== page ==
A systematic search of the medical literature was performed in
November 2004 and January 2007. The search, limited to human subjects
and English language journals, included the National Guideline Clearinghouse,
PubMed, and UpToDate®.
Headache is one of the most common complaints encountered by
health care practitioners. Headache may be symptomatic of a distinct
pathologic process (secondary headache) or may occur without an
underlying cause (primary headache). Most recurrent headaches are
the result of a benign chronic headache disorder but headache may
also be associated with a serious underlying medical condition.1 The
primary headache disorders are migraine, tension-type, and cluster
headache. The differential for secondary headache is quite long
but may include infection, cerebral hemorrhage, or mass lesions.
A complete headache history and physical examination are essential
for accurate headache diagnosis. Primary care providers should be
able to diagnose these conditions and provide appropriate therapeutic
interventions. This chapter will focus on the diagnosis and management
of the primary headache disorders.
The presentation of migraine can vary and is usually divided
into several phases (premonitory, aura, headache, and resolution).
Premonitory symptoms are experienced by 20% to 60% of patients,
usually a few hours or days before headache onset.2,3 Symptoms
vary widely among migraine patients, but are generally consistent
among individuals. Common neurologic symptoms include phonophobia,
photophobia, hyperosmia, and difficulty in concentrating. Psychological
symptoms include anxiety, depression, euphoria, irritability, drowsiness,
hyperactivity, and restlessness. Constitutional symptoms include
stiff neck, yawning, thirst, food cravings, and anorexia.4
The migraine aura is a complex of positive and negative focal
neurologic symptoms that precede, accompany, or, rarely, follow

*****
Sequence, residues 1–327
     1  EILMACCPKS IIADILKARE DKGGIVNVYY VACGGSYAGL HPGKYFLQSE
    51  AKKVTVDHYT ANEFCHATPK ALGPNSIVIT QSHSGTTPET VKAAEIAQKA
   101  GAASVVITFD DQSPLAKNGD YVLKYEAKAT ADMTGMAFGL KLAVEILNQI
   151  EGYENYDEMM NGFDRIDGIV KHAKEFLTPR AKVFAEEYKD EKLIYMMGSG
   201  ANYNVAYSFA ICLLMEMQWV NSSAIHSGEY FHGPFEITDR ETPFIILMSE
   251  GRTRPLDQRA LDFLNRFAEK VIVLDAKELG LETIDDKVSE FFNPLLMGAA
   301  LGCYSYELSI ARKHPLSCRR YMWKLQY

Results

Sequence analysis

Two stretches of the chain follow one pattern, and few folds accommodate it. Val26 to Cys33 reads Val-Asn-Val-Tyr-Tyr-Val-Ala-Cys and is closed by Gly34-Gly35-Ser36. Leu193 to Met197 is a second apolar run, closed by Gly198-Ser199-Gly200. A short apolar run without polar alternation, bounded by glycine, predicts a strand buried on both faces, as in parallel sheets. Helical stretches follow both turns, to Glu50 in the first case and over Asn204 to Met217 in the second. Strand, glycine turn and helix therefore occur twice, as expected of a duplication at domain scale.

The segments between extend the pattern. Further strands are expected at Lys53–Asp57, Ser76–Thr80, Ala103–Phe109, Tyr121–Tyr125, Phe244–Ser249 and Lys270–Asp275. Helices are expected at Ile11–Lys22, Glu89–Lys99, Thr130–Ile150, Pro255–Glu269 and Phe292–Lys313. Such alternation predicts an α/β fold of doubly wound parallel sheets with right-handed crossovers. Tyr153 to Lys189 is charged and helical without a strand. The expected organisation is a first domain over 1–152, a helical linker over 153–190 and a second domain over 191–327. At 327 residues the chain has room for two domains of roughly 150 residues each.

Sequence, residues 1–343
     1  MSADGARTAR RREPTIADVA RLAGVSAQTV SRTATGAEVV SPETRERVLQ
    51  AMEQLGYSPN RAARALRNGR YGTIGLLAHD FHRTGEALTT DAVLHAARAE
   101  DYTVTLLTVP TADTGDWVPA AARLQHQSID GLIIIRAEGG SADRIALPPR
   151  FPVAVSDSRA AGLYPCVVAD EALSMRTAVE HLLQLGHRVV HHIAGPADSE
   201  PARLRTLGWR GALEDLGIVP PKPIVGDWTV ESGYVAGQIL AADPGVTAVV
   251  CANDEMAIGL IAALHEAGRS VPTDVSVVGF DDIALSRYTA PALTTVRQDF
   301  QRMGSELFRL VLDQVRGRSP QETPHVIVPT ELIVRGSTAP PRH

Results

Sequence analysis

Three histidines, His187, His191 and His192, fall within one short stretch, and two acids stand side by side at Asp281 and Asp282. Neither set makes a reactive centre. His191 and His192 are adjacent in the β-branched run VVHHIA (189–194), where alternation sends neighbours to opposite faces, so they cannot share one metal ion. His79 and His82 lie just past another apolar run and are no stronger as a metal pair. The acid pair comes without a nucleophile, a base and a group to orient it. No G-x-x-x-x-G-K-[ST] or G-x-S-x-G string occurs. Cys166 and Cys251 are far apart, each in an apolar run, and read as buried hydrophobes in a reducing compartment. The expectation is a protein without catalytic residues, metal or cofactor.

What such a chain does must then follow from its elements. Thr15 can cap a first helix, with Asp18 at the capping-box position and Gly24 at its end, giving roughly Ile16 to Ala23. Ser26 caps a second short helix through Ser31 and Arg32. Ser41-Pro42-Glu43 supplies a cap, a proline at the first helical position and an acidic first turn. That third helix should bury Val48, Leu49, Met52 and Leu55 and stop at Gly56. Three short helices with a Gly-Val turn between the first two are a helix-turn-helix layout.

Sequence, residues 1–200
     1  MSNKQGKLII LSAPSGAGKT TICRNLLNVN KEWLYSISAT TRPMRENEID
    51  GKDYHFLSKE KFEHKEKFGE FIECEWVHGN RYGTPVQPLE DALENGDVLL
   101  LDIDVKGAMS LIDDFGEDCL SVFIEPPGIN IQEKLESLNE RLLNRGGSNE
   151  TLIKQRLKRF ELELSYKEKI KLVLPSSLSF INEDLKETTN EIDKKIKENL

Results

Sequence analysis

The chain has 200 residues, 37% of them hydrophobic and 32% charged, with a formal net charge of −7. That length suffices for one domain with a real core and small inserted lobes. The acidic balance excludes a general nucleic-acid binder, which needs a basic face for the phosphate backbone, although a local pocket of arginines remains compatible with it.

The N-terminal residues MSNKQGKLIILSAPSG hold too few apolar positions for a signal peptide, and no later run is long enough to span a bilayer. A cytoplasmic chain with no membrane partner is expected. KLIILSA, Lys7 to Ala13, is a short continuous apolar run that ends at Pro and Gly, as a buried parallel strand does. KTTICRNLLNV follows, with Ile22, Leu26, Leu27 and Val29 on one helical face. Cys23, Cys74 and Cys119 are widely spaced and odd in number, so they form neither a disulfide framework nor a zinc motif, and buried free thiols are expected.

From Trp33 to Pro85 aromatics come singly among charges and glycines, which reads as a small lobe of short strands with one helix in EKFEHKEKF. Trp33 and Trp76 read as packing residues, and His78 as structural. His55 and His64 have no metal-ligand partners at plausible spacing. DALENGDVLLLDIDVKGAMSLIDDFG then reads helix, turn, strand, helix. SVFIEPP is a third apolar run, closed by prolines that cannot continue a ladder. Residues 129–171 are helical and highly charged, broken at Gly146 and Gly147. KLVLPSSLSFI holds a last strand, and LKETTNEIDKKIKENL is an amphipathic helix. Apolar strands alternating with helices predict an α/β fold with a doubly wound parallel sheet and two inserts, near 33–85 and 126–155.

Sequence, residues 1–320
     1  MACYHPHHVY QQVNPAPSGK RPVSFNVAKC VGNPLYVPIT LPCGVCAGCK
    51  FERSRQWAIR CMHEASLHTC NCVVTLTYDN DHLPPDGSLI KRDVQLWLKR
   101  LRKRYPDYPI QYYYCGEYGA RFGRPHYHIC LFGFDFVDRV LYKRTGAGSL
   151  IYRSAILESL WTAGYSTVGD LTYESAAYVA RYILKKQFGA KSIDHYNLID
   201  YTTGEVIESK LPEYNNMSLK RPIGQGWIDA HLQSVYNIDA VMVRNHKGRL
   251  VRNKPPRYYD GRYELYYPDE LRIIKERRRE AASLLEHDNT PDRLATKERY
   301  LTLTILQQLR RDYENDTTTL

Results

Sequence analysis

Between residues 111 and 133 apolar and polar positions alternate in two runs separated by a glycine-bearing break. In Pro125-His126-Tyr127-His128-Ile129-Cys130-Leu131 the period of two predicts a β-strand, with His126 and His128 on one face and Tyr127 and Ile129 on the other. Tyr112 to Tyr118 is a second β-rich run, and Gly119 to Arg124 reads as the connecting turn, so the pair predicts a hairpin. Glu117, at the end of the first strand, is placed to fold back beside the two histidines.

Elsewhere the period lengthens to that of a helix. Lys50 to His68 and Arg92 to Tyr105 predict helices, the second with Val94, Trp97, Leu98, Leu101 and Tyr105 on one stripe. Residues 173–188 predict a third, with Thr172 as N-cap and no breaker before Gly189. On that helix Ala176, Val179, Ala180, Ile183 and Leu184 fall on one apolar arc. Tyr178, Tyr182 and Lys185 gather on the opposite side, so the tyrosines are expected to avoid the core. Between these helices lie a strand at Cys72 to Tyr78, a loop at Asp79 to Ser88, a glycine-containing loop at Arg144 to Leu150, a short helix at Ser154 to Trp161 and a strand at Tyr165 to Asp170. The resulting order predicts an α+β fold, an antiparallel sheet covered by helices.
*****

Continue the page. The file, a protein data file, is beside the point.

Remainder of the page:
an attack. Aura is experienced by approximately 31% of
migraine patients and is most often visual. Other aura symptoms
include paresthesias involving the arms or face, dysphasia, or aphasia.2,4
Migraines may occur at any time of the day or night but commonly
occur early in the morning. The onset is gradual and the pain reaches
a peak in a few minutes or hours. If left untreated, migraines typically
last between 4 and 72 hours. The pain is most often unilateral,
frontotemporal, and throbbing or pulsating. However, it, may be
bilateral at onset or become generalized during the attack. Gastrointestinal
symptoms are common and include nausea, emesis, anorexia, food cravings,
constipation, diarrhea, and abdominal cramping.
Presentation of tension-type headache differs from that of migraine
in that premonitory symptoms and aura are absent. The pain is commonly
bilateral and is described as a dull, nonpulsatile tightness or
pressure. The classical description is that of pain having a “hatband” pattern.
Associated symptoms are generally absent although mild photophobia
and phonophobia may be reported.2,4
Attacks of cluster headaches, as the name suggests, occur in
cluster periods, lasting from 2 weeks to 3 months in most patients,
followed by pain-free or remission intervals. They occur most often at ...